The Rise in Mobile Technology and the Quest for Verifiable Identities
The rising prevalence of mobile phones as proof of identity
An impenetrable layer of trust needs to be built into digital devices so that businesses and consumers can trust each other online as easily as we do face-to-face. With two-thirds of the global population owning mobile phones, it’s one of the most rapidly growing technologies, making it more important than ever for mobile and online transactions to promote privacy and financial inclusion. Verified digital identity is the key to a new world of interactions that will enable significant benefits while mitigating a myriad of risks.
For payments specifically, the ubiquitous smartphone has resulted in more options for consumers than ever before, but with this, comes higher expectations for fast and seamless transactions. Consumers demand a frictionless and convenient experience from the first enrolment to checkout and final payment. This is an ongoing challenge for payments companies due to rigor of know your customer (KYC) and anti-money laundering (AML) compliance regulations, which require them to verify every user’s identity.
Furthermore, mobile devices are already platforms for monetary transactions, particularly in emerging markets such as the Middle East and North Africa, where new mobile money services are set to skyrocket by up to 50%.
However, we are also seeing millions of consumers’ personally identifiable information (PII) including dates of birth, home addresses, and social security numbers, for example, being accessed by criminals and used to create false identities and fraudulently open new accounts. In response, companies must strengthen their risk-based approach when it comes to combatting fraud by optimising their criteria and data source types to verify customers. Mobile data is now adding a much-needed new layer of trust.
Mobile — Gateway to Identity
Mobile technologies are allowing payments companies to leverage smartphones as a gateway to verify identity. Mobile network operators (MNOs) already have extensive identity information for their subscribers, due to the KYC requirements that they are required to meet. As customers can connect to their own MNOs from any other network, mobile devices and SIM cards for mobile identity can easily be used across borders.
This is a win-win situation, enabling compliance with KYC and AML regulations while ensuring an excellent user experience. Over the past few years, KYC and AML regulations have become increasingly tough, placing pressure on entities such as banks, financial institutions, and peer-to-peer payments platforms to do more to battle financial crimes.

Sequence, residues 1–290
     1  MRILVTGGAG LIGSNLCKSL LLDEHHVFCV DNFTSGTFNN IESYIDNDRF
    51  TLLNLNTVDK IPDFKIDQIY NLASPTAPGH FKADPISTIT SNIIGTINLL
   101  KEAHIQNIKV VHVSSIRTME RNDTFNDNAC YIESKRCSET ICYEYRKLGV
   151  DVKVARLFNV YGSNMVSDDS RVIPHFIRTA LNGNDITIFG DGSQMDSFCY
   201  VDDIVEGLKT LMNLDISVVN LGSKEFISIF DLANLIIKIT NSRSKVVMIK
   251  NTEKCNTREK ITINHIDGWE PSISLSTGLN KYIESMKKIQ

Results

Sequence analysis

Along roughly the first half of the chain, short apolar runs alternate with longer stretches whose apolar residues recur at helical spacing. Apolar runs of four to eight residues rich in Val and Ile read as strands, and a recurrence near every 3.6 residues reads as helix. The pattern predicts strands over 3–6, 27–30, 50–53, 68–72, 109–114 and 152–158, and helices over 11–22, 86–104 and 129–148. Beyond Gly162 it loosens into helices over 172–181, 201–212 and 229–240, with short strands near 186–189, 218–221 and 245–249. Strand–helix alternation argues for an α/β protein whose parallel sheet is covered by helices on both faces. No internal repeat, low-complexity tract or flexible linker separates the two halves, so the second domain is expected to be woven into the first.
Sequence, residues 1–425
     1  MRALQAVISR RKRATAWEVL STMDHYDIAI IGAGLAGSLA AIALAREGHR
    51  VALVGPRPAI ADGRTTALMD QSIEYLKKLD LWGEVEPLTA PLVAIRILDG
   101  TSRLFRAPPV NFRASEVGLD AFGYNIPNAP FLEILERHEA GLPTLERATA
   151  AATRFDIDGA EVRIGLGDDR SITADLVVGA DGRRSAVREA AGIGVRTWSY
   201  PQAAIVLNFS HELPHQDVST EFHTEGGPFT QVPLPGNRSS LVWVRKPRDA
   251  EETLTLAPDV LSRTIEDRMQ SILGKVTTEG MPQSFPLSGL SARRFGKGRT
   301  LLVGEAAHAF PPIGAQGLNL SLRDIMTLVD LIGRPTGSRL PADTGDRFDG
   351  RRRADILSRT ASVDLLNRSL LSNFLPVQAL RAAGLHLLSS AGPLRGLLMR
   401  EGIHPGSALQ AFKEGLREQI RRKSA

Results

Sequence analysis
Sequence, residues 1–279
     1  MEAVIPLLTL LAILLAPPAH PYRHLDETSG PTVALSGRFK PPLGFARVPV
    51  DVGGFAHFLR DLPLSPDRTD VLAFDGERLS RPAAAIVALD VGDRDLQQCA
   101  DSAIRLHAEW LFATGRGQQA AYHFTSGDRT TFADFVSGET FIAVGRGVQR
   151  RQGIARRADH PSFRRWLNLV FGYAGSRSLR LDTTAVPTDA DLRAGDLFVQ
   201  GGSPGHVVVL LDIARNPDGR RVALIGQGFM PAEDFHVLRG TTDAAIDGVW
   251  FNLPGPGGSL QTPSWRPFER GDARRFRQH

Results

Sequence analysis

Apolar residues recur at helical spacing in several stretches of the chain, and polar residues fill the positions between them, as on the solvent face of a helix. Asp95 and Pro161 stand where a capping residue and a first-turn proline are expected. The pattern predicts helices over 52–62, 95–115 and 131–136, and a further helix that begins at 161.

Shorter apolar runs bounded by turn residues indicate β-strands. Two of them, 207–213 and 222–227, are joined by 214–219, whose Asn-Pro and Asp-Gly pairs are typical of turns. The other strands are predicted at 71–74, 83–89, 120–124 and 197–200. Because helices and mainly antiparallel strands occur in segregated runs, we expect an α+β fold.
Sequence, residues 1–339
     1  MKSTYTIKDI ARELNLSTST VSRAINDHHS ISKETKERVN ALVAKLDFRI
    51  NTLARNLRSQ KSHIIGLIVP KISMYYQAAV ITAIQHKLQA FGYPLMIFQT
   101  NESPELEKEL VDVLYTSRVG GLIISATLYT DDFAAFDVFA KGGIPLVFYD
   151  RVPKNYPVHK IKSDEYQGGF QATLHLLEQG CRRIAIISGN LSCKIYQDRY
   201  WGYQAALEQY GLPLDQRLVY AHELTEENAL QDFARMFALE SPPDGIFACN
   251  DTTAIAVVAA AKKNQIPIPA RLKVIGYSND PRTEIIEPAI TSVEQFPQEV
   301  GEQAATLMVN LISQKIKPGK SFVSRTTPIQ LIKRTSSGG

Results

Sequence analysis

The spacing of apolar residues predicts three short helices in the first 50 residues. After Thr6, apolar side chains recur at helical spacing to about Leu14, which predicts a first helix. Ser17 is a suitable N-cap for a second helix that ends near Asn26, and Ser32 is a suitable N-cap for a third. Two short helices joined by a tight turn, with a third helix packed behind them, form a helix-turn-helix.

For example, in some Northern European countries, SIM cards that enable mobile phones to connect with network providers are leveraged as direct links to the individual. Combining connectivity with compliance and fraud prevention holds the opportunity to satisfy the user experience and business demands.
The need is also seen through a variety of statistical data. In less developed countries, where financial inclusion rates are low, mobile adoption levels are becoming increasingly high. For instance, even though less than 40% of Mexican adults had a bank account in 2014, there were over 80 mobile phone subscriptions for every 100 people. In such instances, the use of mobile phones as proof of identity could become a tool of financial empowerment, which was previously not possible.
Elsewhere, the workforce is becoming more internationally mobile than ever. Nearly 250 million people live outside their country of birth, and the number of funds transferred by remittance exceeded USD 601 billion according to The Migration and Remittances Factbook 2016. Workers are going cross-border in higher numbers and the level of commerce – especially eCommerce – has risen exponentially. Cross-border shopping now makes up 25% of all eCommerce sales.
But the question on everyone’s lips is how likely and to what extent will consumers accept the use of Mobile ID? The outlook is incredibly promising – it’s already happening with two-factor authentication (2FA), which typically involves an SMS text message being sent with a verification code to the user’s mobile device. This code is then used to authenticate that the account being accessed is by the verified user.
As technology continues to advance with developments in electronic identity, security, and privacy, mobile is making its way to the center of it all, facilitating a multitude of new advanced services – all of which will be accessible from the palms of our hands.